A recent paper by Sabrina Kumschick, C·I·B Core Team Member, together with C·I·B Director Dave
Richardson and C·I·B Associate Tim Blackburn investigated whether the birds on the “100 worst” lists are indeed
worthy of this honour.
Lists of harmful species such as “100 of the worst” lists are important to educate the public about alien
invasive species and the impacts they can cause. However, they have limited use for management and scientific purposes, as the selection
on lists are arbitrary and not based on transparent criteria.
The paper, published in Bird Conservation International, suggests a new approach for alien species listing
according to their impacts, using a semi-quantitative method.
Dr Kumschick and colleagues researched the impacts of the birds listed on two of the most frequent used lists, namely the
“100 of the World's Worst Invasive Alien Species”
list of the IUCN and the “100 of the Worst” list of
invaders in Europe.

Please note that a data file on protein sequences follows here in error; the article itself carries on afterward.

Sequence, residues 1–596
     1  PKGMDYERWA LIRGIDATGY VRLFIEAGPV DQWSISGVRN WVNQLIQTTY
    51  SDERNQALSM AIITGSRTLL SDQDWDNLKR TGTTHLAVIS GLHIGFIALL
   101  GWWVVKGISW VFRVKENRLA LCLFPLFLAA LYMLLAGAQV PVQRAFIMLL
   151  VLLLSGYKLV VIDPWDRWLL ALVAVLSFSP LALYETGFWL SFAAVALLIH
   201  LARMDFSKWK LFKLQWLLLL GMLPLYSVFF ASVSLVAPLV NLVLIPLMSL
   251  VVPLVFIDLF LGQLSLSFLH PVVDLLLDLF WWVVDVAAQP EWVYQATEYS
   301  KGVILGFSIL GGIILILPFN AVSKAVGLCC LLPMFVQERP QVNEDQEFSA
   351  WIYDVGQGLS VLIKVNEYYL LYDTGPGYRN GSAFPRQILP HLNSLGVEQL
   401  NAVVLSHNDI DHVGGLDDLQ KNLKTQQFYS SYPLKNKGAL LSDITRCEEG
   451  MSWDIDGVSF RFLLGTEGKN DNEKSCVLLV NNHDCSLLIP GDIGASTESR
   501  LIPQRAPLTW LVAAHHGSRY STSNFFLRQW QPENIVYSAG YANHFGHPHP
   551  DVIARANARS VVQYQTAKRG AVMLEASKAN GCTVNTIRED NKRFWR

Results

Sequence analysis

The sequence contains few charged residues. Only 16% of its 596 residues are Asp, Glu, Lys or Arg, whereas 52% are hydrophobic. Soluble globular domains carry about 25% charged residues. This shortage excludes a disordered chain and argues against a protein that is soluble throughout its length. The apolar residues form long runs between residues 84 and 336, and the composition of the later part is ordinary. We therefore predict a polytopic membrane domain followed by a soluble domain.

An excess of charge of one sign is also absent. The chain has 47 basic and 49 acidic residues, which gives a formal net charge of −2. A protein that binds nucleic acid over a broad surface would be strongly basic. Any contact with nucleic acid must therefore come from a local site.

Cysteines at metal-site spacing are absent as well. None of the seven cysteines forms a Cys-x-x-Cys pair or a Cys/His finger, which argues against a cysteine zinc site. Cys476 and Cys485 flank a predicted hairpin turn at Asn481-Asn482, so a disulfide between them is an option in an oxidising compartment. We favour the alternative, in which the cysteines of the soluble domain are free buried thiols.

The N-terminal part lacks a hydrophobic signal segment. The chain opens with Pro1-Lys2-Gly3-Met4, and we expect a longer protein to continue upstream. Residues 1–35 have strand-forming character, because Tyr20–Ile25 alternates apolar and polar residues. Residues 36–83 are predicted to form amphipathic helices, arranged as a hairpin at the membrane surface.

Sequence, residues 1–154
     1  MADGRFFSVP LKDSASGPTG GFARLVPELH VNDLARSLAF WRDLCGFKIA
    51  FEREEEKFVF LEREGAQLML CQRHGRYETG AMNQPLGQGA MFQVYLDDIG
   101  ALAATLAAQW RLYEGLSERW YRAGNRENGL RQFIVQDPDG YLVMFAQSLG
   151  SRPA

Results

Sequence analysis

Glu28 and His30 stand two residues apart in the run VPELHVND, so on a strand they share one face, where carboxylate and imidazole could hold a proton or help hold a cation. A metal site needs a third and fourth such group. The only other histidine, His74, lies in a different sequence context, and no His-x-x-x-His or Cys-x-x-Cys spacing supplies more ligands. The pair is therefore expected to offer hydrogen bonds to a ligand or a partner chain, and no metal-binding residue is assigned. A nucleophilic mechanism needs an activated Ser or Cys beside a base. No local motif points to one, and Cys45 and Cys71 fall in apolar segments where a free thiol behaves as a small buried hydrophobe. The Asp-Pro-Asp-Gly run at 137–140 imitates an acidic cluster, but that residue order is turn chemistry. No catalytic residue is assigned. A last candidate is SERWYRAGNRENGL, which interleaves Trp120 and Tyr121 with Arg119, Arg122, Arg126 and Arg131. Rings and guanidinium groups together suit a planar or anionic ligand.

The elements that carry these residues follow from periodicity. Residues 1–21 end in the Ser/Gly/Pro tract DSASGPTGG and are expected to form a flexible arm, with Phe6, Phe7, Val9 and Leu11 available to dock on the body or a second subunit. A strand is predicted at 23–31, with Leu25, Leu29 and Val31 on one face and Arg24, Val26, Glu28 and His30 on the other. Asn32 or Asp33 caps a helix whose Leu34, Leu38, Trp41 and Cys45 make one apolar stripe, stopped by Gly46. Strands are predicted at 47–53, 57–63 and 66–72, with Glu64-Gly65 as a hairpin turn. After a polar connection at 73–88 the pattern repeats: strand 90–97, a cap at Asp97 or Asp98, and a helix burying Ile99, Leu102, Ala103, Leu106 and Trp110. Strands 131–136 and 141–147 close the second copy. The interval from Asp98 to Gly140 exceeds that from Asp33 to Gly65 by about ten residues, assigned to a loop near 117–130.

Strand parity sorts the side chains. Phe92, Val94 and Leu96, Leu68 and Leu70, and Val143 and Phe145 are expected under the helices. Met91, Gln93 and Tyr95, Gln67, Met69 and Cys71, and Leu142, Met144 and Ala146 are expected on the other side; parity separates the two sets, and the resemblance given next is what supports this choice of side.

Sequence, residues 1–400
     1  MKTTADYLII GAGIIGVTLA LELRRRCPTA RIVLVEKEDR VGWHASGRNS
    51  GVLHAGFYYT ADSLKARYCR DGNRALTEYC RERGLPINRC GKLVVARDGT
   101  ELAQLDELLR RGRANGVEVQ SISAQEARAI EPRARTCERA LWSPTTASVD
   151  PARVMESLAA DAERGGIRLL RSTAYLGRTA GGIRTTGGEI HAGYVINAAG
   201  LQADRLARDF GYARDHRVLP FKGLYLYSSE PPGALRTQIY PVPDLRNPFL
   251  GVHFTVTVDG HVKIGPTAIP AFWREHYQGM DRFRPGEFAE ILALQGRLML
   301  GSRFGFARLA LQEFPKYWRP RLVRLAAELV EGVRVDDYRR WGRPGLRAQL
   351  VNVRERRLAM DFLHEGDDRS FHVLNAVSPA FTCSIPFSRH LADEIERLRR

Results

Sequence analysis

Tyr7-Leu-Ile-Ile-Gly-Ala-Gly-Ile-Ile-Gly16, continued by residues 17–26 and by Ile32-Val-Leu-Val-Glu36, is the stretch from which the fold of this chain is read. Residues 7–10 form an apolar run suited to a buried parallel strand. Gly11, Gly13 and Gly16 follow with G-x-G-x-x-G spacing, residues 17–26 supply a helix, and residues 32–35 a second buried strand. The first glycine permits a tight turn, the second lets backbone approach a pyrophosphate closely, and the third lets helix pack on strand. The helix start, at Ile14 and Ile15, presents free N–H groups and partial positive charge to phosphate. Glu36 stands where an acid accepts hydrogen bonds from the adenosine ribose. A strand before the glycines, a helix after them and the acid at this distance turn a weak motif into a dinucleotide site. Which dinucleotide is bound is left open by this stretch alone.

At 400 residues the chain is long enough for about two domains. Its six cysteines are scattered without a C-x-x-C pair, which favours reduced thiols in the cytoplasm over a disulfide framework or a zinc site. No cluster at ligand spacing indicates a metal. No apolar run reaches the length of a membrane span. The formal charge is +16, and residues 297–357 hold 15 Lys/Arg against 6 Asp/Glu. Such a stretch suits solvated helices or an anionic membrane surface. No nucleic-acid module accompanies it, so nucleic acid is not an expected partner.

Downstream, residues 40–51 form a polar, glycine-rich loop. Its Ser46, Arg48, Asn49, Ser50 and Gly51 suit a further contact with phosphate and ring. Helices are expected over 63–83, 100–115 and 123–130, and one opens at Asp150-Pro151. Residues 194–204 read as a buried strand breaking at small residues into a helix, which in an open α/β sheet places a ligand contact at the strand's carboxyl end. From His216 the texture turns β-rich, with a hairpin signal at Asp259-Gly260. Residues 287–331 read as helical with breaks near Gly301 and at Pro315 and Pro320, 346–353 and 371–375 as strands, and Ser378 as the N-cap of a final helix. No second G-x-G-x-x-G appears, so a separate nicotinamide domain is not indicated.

They used a generic impact
scoring system to compare the magnitude of impacts between species, as well as the mechanisms through which the impacts can be caused. This
includes for example competition for food and nesting sites, predation on native species, and socioeconomic impacts such as feeding on
agricultural crops and disease transmission to humans.
Dr Kumschick and colleagues found that the two lists represent some of the worst invasive birds, and the most important
mechanisms causing impacts, with some overlap between the species on the IUCN list.
“As a way forward, we suggest selecting the “worst” alien species according to a transparent system
or guidelines, and backing up such a selection with quantitative data. This would not affect the educational purpose of the lists, but
could lead to a more balanced representation of the types of impacts that alien species can cause,” explains Dr Kumschick.
The Canada goose (Branta canadensis), reaching the highest impact score amongst the birds so far
Read the paper
Kumschick, S., Blackburn, T.M. and Richardson, D.M. 2016. Managing alien bird species: Time to move
beyond “100 of the worst” lists? Bird Conservation International, Volume 26, Issue 02, Pp 154 - 163
For more information, contact Sabrina Kumschick at firstname.lastname@example.org